Tuesday, November 8, 2011

Making Belgian Candi Sugar

After reading on many home brewing forums that buying clear candi sugar is a waste of money; forums where the recommended procedure is just to use table sugar. I'm not convinced that table sugar will yield the same results. Candi sugar is an inverted sugar created by heating Sucrose(table sugar) in solution with water to produce Glucose and Fructose. This is achieved most often by adding a catalyst such as lemon juice(citric acid) or cream of tartar(tartaric acid) to sugar and water while applying heat.

(read more after the break)

The Why:
To understand why I think clear candi sugar isn't a waste you have to understand yeast a little better, and sugar a little better. Sucrose is a disaccharide composed of Glucose and Fructose. Glucose and Fructose are monosaccharides. When pure Sucrose is broken down by inversion you get a near 50/50 mix of Glucose and Fructose. For yeast to break down Sucrose they need to create an enzyme called Invertase. This process might negatively impact fermentation by stressing the yeast; it really impacts making starters according to information from Jamil Zainashef's book "Yeast" by stress ing the yeast then making them lazy. Invertase can contribute to cidery off flavors according to several web pages I saw. Corn Syrup is also an inferior substitute because it's hard to guarantee that the corn syrup you buy is an even mix of Glucose and Fructose. All of the clear corn syrups at my local store also had vanilla listed as an ingrediant.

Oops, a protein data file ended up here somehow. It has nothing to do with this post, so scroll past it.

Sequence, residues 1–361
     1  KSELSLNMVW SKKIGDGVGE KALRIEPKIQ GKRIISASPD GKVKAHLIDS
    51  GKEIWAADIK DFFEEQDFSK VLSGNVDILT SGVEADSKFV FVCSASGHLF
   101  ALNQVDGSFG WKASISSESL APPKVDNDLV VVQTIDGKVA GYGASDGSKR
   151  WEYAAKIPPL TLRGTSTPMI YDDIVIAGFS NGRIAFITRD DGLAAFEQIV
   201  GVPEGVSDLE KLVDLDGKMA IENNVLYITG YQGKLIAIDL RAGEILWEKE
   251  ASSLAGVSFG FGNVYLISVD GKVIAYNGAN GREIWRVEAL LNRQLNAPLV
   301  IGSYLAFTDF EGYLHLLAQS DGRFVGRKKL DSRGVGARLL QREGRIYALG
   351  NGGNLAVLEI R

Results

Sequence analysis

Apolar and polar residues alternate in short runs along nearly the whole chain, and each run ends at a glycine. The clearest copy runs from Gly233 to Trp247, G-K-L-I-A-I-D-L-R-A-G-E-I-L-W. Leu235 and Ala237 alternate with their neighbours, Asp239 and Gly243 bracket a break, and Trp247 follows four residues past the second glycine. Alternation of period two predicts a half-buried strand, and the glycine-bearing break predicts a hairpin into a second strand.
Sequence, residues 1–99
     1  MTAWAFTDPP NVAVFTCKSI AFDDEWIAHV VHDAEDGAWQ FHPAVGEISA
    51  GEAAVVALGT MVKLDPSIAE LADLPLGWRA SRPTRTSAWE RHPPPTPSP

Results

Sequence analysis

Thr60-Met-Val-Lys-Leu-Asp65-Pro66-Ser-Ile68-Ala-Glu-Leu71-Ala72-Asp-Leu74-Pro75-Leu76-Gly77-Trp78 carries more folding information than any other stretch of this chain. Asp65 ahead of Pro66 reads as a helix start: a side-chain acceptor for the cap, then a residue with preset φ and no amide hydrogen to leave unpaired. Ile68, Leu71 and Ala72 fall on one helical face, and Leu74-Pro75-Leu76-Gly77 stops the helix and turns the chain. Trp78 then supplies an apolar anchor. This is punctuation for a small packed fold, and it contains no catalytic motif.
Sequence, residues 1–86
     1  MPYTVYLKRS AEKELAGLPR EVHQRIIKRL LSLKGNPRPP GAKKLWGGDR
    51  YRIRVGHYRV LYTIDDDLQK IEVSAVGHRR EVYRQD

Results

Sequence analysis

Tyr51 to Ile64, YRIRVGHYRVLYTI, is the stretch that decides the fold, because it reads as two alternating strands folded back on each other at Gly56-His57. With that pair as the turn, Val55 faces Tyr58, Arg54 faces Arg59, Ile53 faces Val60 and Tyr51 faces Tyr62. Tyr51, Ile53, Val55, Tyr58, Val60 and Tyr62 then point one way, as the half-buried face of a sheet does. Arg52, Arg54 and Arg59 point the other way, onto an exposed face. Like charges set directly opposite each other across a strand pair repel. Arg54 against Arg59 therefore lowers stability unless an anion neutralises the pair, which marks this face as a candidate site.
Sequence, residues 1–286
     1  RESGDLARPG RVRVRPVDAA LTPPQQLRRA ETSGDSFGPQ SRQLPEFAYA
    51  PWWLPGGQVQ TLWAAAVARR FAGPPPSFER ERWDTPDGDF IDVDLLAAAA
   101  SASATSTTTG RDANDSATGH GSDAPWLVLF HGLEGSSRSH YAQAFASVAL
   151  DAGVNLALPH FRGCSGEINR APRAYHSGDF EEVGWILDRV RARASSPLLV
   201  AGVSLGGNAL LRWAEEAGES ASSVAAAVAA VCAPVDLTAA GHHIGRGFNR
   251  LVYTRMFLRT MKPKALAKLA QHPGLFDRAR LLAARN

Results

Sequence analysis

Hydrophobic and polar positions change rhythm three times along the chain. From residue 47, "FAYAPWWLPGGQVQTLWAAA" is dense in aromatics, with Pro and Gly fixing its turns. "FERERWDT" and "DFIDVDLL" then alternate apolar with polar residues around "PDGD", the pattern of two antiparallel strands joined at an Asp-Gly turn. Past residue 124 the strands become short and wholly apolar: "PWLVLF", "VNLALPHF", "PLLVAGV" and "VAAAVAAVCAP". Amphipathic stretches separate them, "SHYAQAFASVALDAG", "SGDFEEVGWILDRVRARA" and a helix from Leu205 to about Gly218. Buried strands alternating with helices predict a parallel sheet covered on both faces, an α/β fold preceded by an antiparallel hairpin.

The How:
The simple recipe for Inverted Sugar Syrup is 1g Cream of Tartar(or 10ml of lemon juice) per 1kg of sugar(per wikipedia). The recipe I saw in an online guide was a ratio of 1 tsp CoT to 1 lb sugar. I'll be going with that one because I don't trust my scale to accurately measure 1 gram, and because I don't want 2.12 pounds of candi sugar. The equipment is mostly stuff I have, a teflon pan, measuring equipment, and a silpat.

Step 1:
Add 1lb of sugar, clean water, and 1 tsp of cream of tartar to the pan.

Step 2:
Bring the sugar to a boil while stirring, allow it to caramelize to the desired color; for clear just allow it to liquefy and then turn up the temp.

Step 3:
increase the heat under the pan and bring the mixture to hard crack temperature (295-310). you can measure it with a candy thermometer, or use the traditional method.

Step 4:
Pour the still liquid inverted sugar solution out onto a silpat.

Step 5:
When the sugar has cooled and hardened crack the sheet of candi sugar and store for up to 6 months.

Is it that simple?
Yes it is.

My clear candi sugar

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